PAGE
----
Classic strategy board game Risk is the next tabletop hit to be adapted for the small screen, it’s been revealed.
According to Deadline, the upcoming Risk adaptation will be helmed by the creator of Netflix series House of Cards, Beau Willimon, who will write and develop the series. In the announcement, Willimon was described as an “avid fan of Risk”.
The series will be created in collaboration between eOne, the film and television company owned by Risk publisher Hasbro, and Westward, the production company co-founded by Willimon.
Michael Lombardo, president of global television for eOne, said that the studios would be working to “reimagine that [Risk] brand and so much more”.
In a joint statement, Willimon and Westward co-founder Jordan Tappis said that Risk would be the first project to emerge from a multi-year deal between the two companies - with no current indication of whether this will include further tabletop adaptations.
Risk was created in 1957 by French film director Albert Lamorisse, who originally released the military strategy game under the title The Conquest of the World. Two years later, US game giant Parker Brothers rechristened it as Risk.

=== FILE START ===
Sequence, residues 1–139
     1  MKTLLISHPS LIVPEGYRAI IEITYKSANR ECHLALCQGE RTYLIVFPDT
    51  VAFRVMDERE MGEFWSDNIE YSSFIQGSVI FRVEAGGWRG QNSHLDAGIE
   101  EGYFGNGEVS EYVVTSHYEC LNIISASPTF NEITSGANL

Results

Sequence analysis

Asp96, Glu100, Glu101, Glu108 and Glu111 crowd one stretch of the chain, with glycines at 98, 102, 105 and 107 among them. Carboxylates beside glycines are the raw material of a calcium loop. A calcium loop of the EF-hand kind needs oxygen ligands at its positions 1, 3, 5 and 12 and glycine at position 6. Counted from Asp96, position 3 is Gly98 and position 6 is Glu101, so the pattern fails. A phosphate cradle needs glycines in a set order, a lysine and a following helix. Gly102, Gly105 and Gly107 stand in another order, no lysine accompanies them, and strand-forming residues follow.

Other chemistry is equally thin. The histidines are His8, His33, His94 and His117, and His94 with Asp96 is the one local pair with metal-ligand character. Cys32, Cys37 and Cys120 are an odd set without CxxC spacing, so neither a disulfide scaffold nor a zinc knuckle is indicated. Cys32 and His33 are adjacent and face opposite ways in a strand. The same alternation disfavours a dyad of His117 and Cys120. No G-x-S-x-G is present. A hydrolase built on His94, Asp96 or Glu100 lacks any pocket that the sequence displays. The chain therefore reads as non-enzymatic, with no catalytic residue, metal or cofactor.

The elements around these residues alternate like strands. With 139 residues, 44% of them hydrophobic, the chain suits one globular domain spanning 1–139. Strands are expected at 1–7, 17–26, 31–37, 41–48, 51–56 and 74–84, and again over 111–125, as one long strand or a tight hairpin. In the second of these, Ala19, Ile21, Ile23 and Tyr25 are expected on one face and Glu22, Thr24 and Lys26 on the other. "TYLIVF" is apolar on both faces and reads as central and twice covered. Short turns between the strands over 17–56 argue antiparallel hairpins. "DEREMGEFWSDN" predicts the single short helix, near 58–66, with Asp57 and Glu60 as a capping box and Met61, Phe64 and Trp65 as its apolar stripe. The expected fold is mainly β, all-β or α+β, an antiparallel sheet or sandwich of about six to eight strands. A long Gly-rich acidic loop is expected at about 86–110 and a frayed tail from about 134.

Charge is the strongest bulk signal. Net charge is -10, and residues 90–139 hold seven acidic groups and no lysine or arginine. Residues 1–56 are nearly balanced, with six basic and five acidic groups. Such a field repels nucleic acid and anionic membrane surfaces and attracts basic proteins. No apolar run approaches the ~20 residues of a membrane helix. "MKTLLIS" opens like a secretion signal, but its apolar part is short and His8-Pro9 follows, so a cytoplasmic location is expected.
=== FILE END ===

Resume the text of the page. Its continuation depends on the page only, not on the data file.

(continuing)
The board game has since gone on to have numerous editions and spin-offs, ranging from licensed tie-ins to Lord of the Rings and Star Wars to the first legacy game, Risk Legacy, in 2011. More recent instalments include its crossover with fellow tabletop franchise Warhammer 40,000, released last year, as well as digital versions for mobile, PC and video game consoles.
Risk joins a number of board game and tabletop properties currently in the works for TV or film, including the long-awaited Dungeons & Dragons movie reboot, live-action D&D series, Netflix series based on Magic: The Gathering, Ticket to Ride reality show, Uno Game Show and Catan film.
There’s currently no indication of when the Risk film might be aired, who may star, how it will capture the dice-throwing battles for areas of the globe and whether it will stay faithful to the game and take several hours too long to finish.